At the start of the year we announced a change to the way we provide support to clients at Ashton McGill.
Since our launch in late August 2017, Slack has been our platform of choice for client engagement. It’s dynamic, fluid, and allows for rapid responses to client queries. In the ‘Open’ Channels, clients will often answer each other’s questions. We love that collaborative, community feel and we don’t want that to change.
However, when we look at the traffic through Slack, 90% of all messages on the platform – a total of 9,553 – have been sent as Direct Messages. That’s where the problem lies.
It was great in the early days. With a handful of clients, responding quickly to queries in Slack was ideal. But fast-forward 15 months, with over 100 clients now, and it was becoming unmanageable. Most of those DMs were to two people – me and Alicia.
That caused a couple of issues. Firstly, Alicia’s in her final year at University, and works with us 3 days a week. On the other 4 she’s at Abertay, studying, or travelling with Steph exploring the world. Then there’s me. With the kind of work I do I’m often offline. I might be out of the office working with clients. Could be at a conference (like the past couple of days). Or perhaps teaching at DJCAD, or with a client like Scottish Power. For both of us, it’s often not possible to respond quickly anymore. The perils of growth….
The second issue has been the sheer volume of DMs. 9,553 messages in a year or so. In anyone’s book, that’s a lot. And it leads to a feeling of overwhelm. Seeing that little Slack icon pop up on the phone – the notification of a new message – was bringing on anxiety and dread, rather than delight. We don’t want anyone to feel like that.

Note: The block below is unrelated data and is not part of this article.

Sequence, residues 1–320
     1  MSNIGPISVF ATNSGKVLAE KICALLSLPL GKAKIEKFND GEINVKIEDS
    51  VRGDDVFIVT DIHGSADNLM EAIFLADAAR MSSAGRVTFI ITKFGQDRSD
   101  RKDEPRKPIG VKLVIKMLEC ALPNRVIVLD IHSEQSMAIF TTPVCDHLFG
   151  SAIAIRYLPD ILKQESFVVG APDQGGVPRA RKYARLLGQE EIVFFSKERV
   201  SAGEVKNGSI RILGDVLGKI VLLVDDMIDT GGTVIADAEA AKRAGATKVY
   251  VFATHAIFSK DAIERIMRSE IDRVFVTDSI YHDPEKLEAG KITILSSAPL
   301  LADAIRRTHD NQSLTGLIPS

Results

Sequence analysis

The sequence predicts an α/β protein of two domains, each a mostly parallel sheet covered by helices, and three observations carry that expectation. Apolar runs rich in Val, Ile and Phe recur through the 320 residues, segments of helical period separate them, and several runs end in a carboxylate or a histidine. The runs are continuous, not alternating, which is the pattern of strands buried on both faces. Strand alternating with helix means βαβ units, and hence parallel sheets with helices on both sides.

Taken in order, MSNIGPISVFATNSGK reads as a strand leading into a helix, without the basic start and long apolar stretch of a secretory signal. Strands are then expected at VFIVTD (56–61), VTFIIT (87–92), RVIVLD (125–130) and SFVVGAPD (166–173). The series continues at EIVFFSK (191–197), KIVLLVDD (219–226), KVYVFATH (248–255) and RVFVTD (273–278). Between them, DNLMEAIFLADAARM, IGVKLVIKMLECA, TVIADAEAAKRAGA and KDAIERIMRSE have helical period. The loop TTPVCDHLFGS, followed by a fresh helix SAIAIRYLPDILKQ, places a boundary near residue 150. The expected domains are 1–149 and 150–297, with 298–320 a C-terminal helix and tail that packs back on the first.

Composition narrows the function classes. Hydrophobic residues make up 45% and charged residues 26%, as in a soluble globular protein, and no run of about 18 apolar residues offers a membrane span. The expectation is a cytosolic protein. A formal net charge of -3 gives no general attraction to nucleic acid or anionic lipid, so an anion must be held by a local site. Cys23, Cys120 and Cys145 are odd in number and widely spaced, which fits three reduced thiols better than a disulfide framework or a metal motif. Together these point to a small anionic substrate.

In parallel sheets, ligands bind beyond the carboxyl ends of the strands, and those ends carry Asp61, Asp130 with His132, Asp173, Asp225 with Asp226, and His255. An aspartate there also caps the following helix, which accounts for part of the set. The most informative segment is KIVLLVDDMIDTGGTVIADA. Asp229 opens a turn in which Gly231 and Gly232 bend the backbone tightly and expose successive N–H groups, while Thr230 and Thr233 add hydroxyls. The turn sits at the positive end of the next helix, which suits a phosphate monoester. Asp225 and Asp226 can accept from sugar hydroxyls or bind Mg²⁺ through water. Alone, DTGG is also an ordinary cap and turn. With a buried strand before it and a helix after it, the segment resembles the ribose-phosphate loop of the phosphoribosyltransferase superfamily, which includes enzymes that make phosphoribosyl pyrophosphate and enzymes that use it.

And so we started to look at ways to solve this problem. How might we deliver fast response to our clients questions without one or two people being overburdened. How can the whole team get involved (there are currently 6 of us, soon 7). After some discussion with the team, a little time for research & thought, testing & prototyping, we landed on Zendesk.
As we explored the types of question we get asked on Slack DM, we found that many were similar. We were giving the same answer over and over again. Building a Knowledge Base on a platform like Zendesk would make it easier to serve that information to clients.
Andy was also keen to create a new support@ email address. Instead of these queries landing in our Slack DMs, they would now go directly, by email, into Zendesk, where they could be triaged and assigned to the right member of the team to answer. It might still be me, but more often than not it isn’t.
Two weeks in, and we’ve seen a huge reduction in our Slack DMs, which is great for our people. We’ve also been able to answer several questions via Zendesk, with different members of the team getting involved. We feel more connected as a group to our clients – it’s not just me ‘owning’ the relationship. And, importantly, the conversations are still happening in the Open Channels in Slack. This past week there’s been chat about our move over to ReceiptBank, multicurrency features on Xero, and charging Vat to charities. Thankfully we’ve all managed to steer clear of #brexit…..
So that’s the background. We love our clients – we want to make it easier for them to get the answers they need, when they need them. We also love our people, and we don’t ever want them to feel overwhelmed.
Have a wonderful weekend!